Bangalore-based Vaishali and Gitesh Butalia have a well-diversified portfolio. But they must up the ante in equity investments to maximise returns.
You just can’t say he is shy of risks. For Indian Air Force pilot Gitesh Butalia lives by them. And winging through the skies is not the only way this 34-year-old aviator gets his kicks. He courts risks by playing the stock markets too. The objective remains the same—to enjoy life. Says Butalia: “I have reaped good returns from my investments in the past and liquidated them to splurge on things I always wanted.”
Following much the same philosophy, he has marked out a list of to-dos (children’s education, bigger car, etc) that need to be financed by intelligent investments. Partnering him in fulfilling these aspirations is wife Vaishali, a soft-skill trainer.
Together, the couple earns a neat packet of Rs 62,000 a month. Keeping expenses within Rs 12,000 allows them to channel about 77% of their earnings in investments. More investment-savvy of the two, Gitesh has spread their investments across all asset classes.
Real estate forms the biggest chunk of their portfolio with approximately Rs 14 lakh tucked into an apartment in Pune and a plot in Jaipur. The apartment purchase couldn’t have been timed better. Bought during the property market boom, it has already appreciated by a whopping 220% in three years.
Butalias have stashed away Rs 3.5 lakh in National Savings Certificates. Looking for secure returns, they invest Rs 15,000 every month in provident funds and fixed deposits. Jewellery worth Rs 50,000 forms the near-cash component of their finances.
The couple has a healthy equity exposure through a bouquet of nine mutual funds and six direct stock holdings. So far they have invested about Rs 1 lakh in mutual funds and committed Rs 3,500 a month to systematic investment plans (SIPs). Their direct stock kitty, including both small companies like Clutch Auto and blue chips like ITC and Wipro has given them about 40% absolute returns. Other than Gitesh’s mandatory insurance cover (given that he is employed in the armed forces) of Rs 25 lakh, neither spouse has bought any insurance policy.
Clearly, the Butalias are wellintentioned investors. Their high savings rate and disciplined investments in debt and equity is commendable. Says Gitesh: “Our goal is to build a sizeable corpus to maintain the current standard of living even after retirement.” But they haven’t leveraged the advantage of age and good pay packages to optimise returns. Tweaking the direction of future investments should do the trick.
To begin with, they must try and prepay at least part of their outstanding home loan of Rs 8.5 lakh. For this, they can dip into their provident fund account or sell some of their mutual funds. The resulting deficit in savings can be made up by ways suggested later in the portfolio analysis.
Still in their early thirties, the couple should have an equity-heavy portfolio to maximise returns. An equity-debt ratio of 70:30 is considered ideal. However, the Butalias have an exactly opposite incremental savings plan. They invest thrice the amount in monthly fixed-income options than in equities. We suggest that instead of investing in fixed deposits they put in Rs 10,000 in equity mutual funds through the SIP route every month.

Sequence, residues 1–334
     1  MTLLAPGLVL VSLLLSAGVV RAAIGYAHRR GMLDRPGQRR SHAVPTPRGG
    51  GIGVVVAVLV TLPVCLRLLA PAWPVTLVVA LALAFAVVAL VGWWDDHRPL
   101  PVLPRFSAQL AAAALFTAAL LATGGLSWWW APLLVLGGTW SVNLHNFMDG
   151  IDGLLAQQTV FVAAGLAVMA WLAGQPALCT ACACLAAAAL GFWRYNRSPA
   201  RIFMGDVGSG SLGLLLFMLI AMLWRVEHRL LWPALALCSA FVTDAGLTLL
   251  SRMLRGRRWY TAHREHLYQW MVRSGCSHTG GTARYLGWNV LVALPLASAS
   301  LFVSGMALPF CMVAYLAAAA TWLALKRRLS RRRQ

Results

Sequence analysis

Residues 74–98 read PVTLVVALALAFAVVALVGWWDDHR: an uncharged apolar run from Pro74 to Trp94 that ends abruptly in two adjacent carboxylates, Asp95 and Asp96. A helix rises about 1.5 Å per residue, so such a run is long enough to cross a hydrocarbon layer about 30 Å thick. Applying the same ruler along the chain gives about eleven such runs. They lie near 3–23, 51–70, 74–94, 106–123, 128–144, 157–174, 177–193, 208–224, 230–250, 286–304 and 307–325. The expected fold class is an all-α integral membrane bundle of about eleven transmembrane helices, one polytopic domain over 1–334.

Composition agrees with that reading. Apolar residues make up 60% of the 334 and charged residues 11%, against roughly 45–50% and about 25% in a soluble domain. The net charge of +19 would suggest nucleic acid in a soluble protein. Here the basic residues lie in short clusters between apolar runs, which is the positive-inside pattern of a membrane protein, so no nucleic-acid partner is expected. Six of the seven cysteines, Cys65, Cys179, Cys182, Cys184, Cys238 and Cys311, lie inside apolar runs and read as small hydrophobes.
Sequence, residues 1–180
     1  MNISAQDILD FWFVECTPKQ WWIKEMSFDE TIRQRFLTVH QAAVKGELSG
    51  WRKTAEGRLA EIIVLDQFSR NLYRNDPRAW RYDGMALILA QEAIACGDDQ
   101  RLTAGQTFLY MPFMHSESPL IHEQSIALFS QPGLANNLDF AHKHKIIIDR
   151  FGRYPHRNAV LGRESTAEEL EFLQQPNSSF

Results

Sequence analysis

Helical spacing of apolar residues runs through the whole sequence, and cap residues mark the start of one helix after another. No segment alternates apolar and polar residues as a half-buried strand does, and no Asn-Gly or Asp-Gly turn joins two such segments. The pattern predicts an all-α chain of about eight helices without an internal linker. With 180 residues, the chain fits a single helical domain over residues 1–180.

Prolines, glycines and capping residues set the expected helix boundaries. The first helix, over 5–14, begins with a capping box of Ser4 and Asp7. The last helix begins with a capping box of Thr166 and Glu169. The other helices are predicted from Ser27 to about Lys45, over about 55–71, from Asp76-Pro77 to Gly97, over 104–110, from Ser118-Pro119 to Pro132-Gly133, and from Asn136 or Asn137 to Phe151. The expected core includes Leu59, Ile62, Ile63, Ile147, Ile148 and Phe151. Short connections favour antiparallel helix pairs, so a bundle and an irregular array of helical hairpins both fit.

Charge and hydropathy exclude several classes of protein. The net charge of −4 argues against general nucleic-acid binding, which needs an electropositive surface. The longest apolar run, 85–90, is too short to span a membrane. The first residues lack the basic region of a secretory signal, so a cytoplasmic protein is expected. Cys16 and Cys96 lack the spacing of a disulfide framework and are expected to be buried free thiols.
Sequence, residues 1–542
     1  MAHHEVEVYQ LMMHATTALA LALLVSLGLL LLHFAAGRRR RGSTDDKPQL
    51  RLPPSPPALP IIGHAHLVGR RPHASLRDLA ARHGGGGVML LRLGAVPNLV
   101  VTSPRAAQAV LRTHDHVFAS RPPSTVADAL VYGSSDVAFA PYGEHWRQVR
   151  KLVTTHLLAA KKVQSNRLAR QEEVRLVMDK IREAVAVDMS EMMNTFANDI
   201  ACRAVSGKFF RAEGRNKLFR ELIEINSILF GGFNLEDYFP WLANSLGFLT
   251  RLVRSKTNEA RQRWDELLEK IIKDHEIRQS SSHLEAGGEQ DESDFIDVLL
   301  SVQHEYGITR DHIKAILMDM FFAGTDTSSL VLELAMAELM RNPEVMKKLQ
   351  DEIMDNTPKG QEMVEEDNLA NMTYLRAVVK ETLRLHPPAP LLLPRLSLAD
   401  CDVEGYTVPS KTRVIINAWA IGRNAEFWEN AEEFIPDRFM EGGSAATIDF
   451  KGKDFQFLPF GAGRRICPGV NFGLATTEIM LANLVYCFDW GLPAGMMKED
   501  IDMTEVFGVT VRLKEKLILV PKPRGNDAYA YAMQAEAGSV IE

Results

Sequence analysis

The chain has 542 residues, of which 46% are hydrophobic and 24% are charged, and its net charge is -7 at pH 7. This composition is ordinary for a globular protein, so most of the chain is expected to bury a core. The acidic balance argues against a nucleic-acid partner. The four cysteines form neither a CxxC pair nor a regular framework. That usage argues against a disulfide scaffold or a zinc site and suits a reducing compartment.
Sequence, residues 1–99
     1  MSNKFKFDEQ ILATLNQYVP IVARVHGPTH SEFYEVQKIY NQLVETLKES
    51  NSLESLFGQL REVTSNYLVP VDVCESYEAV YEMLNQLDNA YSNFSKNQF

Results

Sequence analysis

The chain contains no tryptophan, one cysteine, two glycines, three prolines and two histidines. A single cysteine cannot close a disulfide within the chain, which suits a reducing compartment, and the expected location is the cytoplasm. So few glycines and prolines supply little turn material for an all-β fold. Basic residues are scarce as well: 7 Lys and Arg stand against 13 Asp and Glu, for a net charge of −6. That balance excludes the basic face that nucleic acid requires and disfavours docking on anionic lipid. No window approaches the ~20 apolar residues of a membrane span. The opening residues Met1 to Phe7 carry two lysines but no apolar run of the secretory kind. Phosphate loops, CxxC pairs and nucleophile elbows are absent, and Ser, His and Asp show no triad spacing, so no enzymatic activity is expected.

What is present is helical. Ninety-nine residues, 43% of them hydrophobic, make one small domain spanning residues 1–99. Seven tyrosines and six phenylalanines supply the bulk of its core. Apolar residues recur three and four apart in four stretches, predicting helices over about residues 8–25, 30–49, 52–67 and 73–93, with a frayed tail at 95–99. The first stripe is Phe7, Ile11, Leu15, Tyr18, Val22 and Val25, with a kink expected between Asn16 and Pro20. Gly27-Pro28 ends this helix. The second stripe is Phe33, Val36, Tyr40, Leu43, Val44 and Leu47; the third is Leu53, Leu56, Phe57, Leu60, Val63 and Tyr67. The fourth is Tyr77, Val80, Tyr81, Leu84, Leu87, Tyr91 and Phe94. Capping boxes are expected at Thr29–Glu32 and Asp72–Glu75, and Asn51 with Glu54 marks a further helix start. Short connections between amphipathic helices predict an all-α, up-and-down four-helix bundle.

Their existing fund collection is good and well-diversified. Three funds, namely Franklin India Prima Plus, Magnum Contra and Fidelity Equity are fit to play a core role in the portfolio. The mix of one infrastructure theme-based fund, three mid-caps and two tax plans should give them good returns. But the three core funds account for just 20% of their equity investments, while the mid-cap funds constitute 40%. This slightly skews the investments towards smaller companies. The fact that half of their direct stock holdings are in small companies contributes to this bias.
Therefore, it is advisable to stop investing more in Franklin India Prima and re-direct this monthly SIP of Rs 1,000 towards Franklin India Prima Plus. Edelweiss has identified about Rs 20,000 of the couple’s combined income lying idle in their savings account. We recommend funnelling Rs 13,000 of this amount in Franklin India Prima Plus and Fidelity Equity through SIPs.
The Butalias have randomly picked up growth or dividend option in their funds. This serves little purpose and adds to the complexity of the portfolio. It is best to opt for only growth options unless they prefer dividends from time to time.
While the Butalias’ direct equity portfolio has given some profits, more than 90% of the returns have been generated by just two stocks— Reliance Industries and Gremac Infrastructure. Gains on Asahi India and Wipro are nominal while ITC and Clutch Auto have made losses. This investing strategy appears arbitrary and it would be better if the couple stick to mutual funds for steadier and perhaps higher returns.
For stability, the couple can invest in fixed maturity plans. Though they give the same returns as fixed deposits, indexation benefits make them more tax efficient.
Regarding insurance, Gitesh is suitably covered for Rs 25 lakh by the mandatory policy. But since the couple have two four-year-old sons, they might wish to expand the cover and include Vaishali too. Though we usually recommend buying pure term insurance policies, a joint Ulip with sum assured of about Rs 17 lakh fits the Butalias’ investment profile better. As well-informed investors they can leverage the additional benefits of Ulips such as free switches between different kinds of funds according to market movements and tax exemptions under Section 80C of the Income Tax Act.
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